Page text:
Samstag, 7. Januar 2012

RC remote control Pong

Hi everyone!

This time, I'm back with a project in which two RC remote controls are used to move the paddles in Pong. Watch me lose it against my brother here ;)
But now how does it work?
Let's start by looking at the RC controls: For each channel a pulse with a width of 0.7 up to 2 milliseconds is issued from the remote control. A pulse shorter than 1.5 ms would turn a servo left, one greater 1.5 would turn it right. You can read about this in some more detail here.
The analogue RC receivers' signal output lines are connected directly to digital inputs (ports 3 and 5) of my Arduino. They run fine with the 5V power from the Arduino, even if it draws its power from an USB port.
On the Arduino, a very simple sketch measures the control pulse lengths via "pulseIn". During the first five seconds, the gathered values are investigated for their minimum and maximum, so you will have to turn the knobs on your RC controls to their farthest extend here. The range of the pulse lengths is then mapped to a single byte for each channel.
The actual Pong game runs on a PC within the Processing IDE. To achieve this, I adapted the "SerialCallResponse" example sketch and added a Pong implementation in Java. There is a class called "ControlValues" which serves as an interface between the game and the Processing sketch. This approach is in no way thread-safe, but since game is timer-based and the Processing sketch is event-based, it seemed the easiest way to connect both using static variables.
The Processing sketch first starts the game and then begins querying the Arduino for new control values. To simply retrieve the values, it sends an 'A', to which the Arduino responds by sending the current values.
By sending a 'B' or 'C', the sketch can make the Arduino play some beeps in addition to sending the values. This should give you the real retro feeling! To hear the beeps, simply connect a speaker to port 7 (via transistor or op-amp). You may notice that sometimes a beep isn't played (ball touches the paddle, but there's no sound). This is due to the threading problems mentioned above.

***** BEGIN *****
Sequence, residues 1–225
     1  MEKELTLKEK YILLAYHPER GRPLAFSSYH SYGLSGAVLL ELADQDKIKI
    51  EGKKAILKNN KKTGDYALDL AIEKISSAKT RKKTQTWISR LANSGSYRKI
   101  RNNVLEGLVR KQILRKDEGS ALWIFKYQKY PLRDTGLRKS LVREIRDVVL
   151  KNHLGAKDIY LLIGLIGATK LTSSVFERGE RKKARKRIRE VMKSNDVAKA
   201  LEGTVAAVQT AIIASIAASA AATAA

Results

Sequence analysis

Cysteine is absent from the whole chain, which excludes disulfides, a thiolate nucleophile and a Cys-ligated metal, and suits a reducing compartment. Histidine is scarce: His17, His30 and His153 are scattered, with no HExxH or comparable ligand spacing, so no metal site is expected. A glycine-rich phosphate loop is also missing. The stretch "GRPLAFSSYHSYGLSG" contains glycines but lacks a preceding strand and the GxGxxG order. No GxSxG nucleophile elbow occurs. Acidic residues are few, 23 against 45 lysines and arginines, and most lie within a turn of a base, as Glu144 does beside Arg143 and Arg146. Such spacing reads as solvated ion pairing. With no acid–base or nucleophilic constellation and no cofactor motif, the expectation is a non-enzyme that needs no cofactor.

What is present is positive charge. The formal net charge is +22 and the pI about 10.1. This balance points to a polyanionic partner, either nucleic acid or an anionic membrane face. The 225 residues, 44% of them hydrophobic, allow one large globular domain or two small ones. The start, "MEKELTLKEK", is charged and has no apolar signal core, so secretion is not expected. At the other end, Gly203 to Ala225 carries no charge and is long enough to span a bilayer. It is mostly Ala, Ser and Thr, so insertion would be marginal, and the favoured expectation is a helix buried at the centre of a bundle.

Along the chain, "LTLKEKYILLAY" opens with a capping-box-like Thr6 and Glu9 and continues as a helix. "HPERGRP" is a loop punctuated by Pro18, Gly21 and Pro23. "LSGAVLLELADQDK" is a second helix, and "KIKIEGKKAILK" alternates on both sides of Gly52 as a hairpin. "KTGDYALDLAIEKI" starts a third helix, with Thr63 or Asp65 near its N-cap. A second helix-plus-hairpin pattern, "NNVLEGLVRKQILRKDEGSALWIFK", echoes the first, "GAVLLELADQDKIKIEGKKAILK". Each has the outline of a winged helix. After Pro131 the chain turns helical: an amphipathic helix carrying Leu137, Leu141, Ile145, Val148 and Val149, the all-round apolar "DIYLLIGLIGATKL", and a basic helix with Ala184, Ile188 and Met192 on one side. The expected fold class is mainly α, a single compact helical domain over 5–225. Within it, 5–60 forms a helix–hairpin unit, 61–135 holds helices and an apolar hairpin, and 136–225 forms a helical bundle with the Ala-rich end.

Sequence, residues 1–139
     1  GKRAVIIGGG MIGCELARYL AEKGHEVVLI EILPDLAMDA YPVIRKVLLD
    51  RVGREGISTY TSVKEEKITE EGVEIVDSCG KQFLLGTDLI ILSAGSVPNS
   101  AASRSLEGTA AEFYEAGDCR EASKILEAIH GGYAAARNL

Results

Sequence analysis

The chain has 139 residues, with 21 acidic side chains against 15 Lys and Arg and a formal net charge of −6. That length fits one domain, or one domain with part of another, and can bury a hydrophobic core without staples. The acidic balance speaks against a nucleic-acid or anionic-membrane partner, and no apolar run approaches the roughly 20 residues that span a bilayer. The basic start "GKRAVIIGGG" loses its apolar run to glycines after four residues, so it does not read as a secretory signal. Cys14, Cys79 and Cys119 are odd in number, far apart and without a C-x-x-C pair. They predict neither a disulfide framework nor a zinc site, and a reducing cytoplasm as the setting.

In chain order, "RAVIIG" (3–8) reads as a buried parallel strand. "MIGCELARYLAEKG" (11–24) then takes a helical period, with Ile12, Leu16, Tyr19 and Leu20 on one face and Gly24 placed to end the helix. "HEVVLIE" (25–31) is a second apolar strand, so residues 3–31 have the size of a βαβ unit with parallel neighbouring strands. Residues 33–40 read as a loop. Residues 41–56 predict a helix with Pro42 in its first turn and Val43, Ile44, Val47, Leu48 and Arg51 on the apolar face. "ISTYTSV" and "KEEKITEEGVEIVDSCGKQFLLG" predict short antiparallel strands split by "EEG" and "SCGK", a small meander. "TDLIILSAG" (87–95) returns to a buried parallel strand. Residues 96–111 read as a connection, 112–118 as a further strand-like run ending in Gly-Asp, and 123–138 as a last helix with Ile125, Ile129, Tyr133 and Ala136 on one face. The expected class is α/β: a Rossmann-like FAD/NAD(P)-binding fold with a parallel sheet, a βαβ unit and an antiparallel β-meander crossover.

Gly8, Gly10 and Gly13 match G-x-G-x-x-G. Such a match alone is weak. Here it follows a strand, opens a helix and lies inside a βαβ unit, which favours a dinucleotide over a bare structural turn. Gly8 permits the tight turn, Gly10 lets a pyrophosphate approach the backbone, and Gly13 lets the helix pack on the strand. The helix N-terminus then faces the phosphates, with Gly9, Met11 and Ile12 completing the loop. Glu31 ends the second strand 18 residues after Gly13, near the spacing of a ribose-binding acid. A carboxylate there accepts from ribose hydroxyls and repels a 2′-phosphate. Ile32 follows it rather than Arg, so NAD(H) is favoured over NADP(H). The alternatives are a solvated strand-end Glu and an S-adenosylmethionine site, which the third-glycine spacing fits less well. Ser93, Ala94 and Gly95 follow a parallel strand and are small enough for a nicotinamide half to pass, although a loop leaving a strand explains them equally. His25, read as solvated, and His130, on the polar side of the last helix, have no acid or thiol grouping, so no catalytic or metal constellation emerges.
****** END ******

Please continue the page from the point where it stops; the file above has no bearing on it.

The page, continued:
To play you can download the Arduino sketch and Processing sketch.

Dienstag, 3. Januar 2012

IPM V2 update

Hey everyone! I think it's time to wish all of you a Happy New Year first ;)
Then, I'll show you what I did while I left you alone out there all the time...
The Internet Personal Messenger V2 now features almost the same functionality as the old V1 one. Here's a picture of the current hardware setup (still missing the speaker, though):
I'll post the setup's schematics next time - and I'll also show you the code, but at the moment, there are still some memory leaks I have to fix.
Ah, by the way, the TFT is quite nice and really cheap! It's got an ST7735 controller on it. The library seems to originate from ladyada but the one I got shipped with the TFT was pretty buggy. The software mode was really slow too. If you'd like to get my improved version, please mail!
I'm using the software SPI for the TFT in my sketch as at was impossible to get it running on the same bus the ethernet controller and the TF card are using. The controller and the card use SPI transfer mode 0, the TFT uses mode 3. As mode 3 seems to be just the inverted variant of mode 0, there may be a possibility to use the same bus with all three devices if you'd use an inverter to connect the TFT to the bus. I didn't test this though, as things run fine for me the way they are ;)
That's it for now! Keep up gadgeting!